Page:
Trypanosomes of South American Monkeys and Marmosets

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  • The George Williams Hooper Foundation and Department of Medicine, San Francisco Medical Center, University of California

Summary

The results of a survey of 223 Peruvian and Colombian monkeys and marmosets for trypanosomes are presented. Eight Trypanosoma cruzi or Trypanosoma cruzi-like infections and 42 infections with trypanosomes identified as Trypanosoma minasense were detected in 47 (21%) of the animals. There were three double infections. Trypanosomes were found in 11 of 14 species, representing eight of nine surveyed primate genera.

Strains of T. cruzi were identified in Peruvian squirrel monkeys (Saimiri boliviensis) and marmosets (Tamarinus nigricollis). Infections in other Peruvian and Colombian squirrel monkeys (S. sciurea) were presumed to be due to T. cruzi. The Tamarinus strain of T. cruzi grew well in culture, developed normally in posterior station in reduviid bugs (Triatoma protracta) and was highly virulent for suckling and immature mice. Previous records for T. cruzi and/or T. cruzi-like trypanosomes in Neotropical lower primates are discussed. T. sanmartini is more likely an aberrant strain of T. cruzi than a distinct species. A presumed arboreal T. cruzi cycle involving primates and unknown arboreal intermediate hosts is discussed.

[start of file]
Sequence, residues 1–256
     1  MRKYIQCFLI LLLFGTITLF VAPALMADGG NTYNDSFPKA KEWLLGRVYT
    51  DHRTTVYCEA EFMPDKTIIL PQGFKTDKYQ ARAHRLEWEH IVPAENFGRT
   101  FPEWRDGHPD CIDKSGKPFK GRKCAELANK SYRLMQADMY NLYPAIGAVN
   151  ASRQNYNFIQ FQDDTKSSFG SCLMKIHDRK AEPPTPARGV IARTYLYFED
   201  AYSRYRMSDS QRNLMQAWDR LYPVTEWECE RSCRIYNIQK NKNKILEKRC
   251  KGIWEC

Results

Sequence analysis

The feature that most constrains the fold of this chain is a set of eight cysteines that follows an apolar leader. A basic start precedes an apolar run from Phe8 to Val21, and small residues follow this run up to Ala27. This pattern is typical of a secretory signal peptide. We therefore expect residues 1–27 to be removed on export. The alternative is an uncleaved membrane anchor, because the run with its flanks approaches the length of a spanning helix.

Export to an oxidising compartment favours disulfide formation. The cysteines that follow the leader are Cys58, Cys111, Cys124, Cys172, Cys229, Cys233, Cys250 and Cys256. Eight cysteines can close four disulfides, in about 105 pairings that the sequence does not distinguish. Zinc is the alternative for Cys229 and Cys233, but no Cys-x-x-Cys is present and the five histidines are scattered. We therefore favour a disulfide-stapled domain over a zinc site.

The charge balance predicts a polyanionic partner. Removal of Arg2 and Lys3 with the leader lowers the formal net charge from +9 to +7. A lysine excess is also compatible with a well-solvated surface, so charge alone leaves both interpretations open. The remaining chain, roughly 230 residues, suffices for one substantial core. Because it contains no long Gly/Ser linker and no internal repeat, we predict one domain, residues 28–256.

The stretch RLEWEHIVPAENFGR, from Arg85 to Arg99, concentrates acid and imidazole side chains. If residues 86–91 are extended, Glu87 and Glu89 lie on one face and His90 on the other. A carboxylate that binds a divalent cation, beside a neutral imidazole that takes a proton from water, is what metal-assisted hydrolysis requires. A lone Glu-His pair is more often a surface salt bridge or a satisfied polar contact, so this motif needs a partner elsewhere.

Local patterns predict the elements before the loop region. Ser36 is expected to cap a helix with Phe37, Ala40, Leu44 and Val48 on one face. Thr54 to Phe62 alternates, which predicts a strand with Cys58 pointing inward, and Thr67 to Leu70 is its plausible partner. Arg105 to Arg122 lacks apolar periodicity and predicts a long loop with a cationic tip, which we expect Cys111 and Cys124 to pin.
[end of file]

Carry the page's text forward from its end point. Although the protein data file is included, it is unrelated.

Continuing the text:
T. minasense, a T. rangeli-like trypanosome, is apparently common in Neotropical arboreal primates. Saimiri strains of T. minasense grew well in culture, but Saimiri and Cebus strains failed to infect adults and nymphs of Triatoma infestans and T. protracta. A Saimiri strain was non-pathogenic for suckling mice and did not produce tissue forms. The synonymy of the T. rangeli-like trypanosomes is considered, and mechanisms of transmission of trypanosomes between arboreal primates are discussed, with particular reference to T. minasense. Both transmission by ingestion of infected insects and transmission by biting (or biting-plus-defecation) probably take place.

Primates infected with T. cruzi are known to be imported into the United States from the New World tropics. It is unlikely that these trypanosome strains will find their way into native invertebrates and vertebrates, including man, in this country. On the other hand the laboratory investigator should be aware, both from the point of view of his own health and that of his animals, that T. cruzi may occur in these animals.

Author Notes

Present address: Medical Zoology Laboratory, Institute for Medical Research, Kuala Lumpur, Malaya.

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